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Simple physics may play key role in helping the body to fight infection

Simple physics may play key role in helping the body to fight infection

Simple physics may play a larger role than previously thought in helping control key bodily processes - such as how the body fights infection. [More]
High-speed acquisition of multi-wavelength fluorescence images: an interview with Jeremy Graham, Cairn Research

High-speed acquisition of multi-wavelength fluorescence images: an interview with Jeremy Graham, Cairn Research

On-chip Electron Multiplication is now a mature technology, which has allowed manufacturers to build cameras that are both fast and sensitive; ideal for live cell fluorescence imaging. [More]
Lamin nucleoskeleton disordered in Alzheimer's

Lamin nucleoskeleton disordered in Alzheimer's

Brain cell death in Alzheimer's disease is linked to disruption of a skeleton that surrounds the nucleus of the cells, a researcher in the School of Medicine at The University of Texas Health Science Center at San Antonio said. [More]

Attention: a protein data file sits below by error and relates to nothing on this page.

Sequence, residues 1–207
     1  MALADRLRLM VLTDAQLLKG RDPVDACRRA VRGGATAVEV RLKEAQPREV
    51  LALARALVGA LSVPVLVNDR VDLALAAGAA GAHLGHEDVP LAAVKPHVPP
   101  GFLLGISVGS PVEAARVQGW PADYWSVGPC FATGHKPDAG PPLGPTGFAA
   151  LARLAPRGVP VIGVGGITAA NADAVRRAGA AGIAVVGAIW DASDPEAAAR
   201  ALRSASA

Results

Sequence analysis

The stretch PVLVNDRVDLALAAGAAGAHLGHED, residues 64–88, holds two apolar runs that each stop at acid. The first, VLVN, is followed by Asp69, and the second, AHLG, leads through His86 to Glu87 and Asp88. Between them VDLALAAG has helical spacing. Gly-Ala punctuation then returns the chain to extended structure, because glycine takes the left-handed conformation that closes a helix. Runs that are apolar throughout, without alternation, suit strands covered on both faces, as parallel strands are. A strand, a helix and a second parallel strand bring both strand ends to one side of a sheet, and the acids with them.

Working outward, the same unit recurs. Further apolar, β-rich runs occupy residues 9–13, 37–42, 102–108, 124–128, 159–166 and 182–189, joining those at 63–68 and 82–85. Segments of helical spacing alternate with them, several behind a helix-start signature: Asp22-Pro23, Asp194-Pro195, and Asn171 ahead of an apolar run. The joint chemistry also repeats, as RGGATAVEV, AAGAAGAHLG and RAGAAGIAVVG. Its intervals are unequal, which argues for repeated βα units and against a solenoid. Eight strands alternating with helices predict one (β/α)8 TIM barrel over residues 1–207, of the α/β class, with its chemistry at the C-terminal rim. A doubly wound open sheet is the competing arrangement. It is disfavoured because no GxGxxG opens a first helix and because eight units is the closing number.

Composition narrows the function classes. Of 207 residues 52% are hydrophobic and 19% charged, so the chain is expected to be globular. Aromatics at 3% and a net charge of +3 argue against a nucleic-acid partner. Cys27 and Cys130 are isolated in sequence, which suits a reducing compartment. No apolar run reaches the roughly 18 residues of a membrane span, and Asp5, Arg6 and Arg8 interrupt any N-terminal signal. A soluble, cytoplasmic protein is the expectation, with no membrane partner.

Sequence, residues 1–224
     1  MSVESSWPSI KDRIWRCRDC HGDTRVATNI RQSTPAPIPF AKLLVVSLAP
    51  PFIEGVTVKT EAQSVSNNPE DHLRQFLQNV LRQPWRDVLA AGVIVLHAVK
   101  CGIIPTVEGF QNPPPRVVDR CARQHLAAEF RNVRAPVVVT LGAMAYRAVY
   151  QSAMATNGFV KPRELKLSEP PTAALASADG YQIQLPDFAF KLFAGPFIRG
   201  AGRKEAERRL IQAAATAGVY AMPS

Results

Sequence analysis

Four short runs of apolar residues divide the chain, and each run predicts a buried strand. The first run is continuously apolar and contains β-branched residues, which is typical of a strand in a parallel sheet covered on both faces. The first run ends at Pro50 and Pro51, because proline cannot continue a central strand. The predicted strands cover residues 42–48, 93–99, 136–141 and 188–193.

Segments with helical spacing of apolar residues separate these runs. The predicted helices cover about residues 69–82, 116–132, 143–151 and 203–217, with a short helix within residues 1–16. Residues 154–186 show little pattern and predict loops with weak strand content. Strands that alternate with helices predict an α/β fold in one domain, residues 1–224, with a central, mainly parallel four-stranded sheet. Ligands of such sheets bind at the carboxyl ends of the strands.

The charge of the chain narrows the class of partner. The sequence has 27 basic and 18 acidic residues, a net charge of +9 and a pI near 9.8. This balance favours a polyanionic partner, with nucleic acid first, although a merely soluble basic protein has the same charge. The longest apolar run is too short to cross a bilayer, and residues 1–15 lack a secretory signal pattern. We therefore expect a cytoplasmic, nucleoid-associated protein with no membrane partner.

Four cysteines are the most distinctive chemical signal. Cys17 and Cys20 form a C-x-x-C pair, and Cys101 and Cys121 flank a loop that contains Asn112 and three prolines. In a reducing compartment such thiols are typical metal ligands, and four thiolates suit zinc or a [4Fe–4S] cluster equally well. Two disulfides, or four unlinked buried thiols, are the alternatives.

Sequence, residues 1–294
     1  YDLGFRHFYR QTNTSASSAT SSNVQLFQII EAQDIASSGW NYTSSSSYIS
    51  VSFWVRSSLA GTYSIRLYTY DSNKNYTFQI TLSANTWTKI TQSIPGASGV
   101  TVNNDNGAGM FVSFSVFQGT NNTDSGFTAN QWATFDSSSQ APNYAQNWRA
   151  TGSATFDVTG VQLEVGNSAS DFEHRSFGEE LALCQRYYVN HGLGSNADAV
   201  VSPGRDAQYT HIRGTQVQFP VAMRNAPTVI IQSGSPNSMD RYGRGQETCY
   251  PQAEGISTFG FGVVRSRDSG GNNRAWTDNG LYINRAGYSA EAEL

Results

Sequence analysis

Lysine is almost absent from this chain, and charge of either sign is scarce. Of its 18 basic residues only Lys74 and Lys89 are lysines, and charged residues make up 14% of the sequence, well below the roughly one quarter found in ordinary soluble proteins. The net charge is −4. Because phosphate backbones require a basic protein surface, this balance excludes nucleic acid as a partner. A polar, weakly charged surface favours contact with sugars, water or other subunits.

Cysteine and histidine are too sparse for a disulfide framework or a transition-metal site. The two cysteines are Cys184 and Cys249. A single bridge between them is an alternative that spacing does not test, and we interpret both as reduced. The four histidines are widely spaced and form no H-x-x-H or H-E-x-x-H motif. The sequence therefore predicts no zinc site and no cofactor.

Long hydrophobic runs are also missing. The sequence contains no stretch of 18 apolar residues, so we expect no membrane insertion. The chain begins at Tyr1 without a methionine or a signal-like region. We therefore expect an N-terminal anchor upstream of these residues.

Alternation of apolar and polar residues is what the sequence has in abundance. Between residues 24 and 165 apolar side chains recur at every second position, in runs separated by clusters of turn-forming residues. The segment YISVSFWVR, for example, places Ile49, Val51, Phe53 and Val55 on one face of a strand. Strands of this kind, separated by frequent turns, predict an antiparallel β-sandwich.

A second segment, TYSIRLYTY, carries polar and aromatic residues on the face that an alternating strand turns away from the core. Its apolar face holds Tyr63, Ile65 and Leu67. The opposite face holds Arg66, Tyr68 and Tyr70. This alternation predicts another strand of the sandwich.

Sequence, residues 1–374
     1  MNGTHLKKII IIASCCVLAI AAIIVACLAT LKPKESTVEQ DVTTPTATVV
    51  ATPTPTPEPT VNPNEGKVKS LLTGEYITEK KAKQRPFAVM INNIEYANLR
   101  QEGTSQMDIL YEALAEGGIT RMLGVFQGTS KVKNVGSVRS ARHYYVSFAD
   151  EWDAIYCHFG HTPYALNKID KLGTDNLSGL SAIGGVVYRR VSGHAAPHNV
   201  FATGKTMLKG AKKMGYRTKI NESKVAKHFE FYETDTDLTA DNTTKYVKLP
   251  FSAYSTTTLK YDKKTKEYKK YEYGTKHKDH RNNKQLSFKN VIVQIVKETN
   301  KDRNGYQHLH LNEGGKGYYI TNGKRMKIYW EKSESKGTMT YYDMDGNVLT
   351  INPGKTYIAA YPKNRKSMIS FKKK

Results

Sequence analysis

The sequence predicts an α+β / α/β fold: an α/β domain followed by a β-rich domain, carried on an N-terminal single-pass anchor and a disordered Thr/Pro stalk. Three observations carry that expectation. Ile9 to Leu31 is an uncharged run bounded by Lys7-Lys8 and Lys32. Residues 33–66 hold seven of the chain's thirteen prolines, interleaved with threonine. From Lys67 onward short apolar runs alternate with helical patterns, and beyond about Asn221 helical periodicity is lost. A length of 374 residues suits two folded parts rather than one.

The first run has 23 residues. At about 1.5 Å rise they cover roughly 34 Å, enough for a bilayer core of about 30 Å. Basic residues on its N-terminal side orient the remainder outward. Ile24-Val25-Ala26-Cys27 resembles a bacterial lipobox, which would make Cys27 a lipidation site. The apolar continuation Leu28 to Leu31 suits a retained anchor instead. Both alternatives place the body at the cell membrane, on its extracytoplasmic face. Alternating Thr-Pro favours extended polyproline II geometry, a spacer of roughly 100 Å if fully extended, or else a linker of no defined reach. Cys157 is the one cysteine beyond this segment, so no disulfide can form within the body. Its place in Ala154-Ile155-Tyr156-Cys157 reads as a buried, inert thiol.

Rockefeller University study shows how herpes virus causes traffic jam in immune system pathway

Rockefeller University study shows how herpes virus causes traffic jam in immune system pathway

With over half the U.S. population infected, most people are familiar with the pesky cold sore outbreaks caused by the herpes virus. The virus outsmarts the immune system by interfering with the process that normally allows immune cells to recognize and destroy foreign invaders. How exactly the herpes simplex 1 virus pulls off its nifty scheme has long been elusive to scientists. [More]
CMU joins $12 million research project to reverse-engineer the brain's secret algorithms

CMU joins $12 million research project to reverse-engineer the brain's secret algorithms

Carnegie Mellon University is embarking on a five-year, $12 million research effort to reverse-engineer the brain, seeking to unlock the secrets of neural circuitry and the brain's learning methods. Researchers will use these insights to make computers think more like humans. [More]
New Leica Bioimaging Center for applied cell research opens in Munich

New Leica Bioimaging Center for applied cell research opens in Munich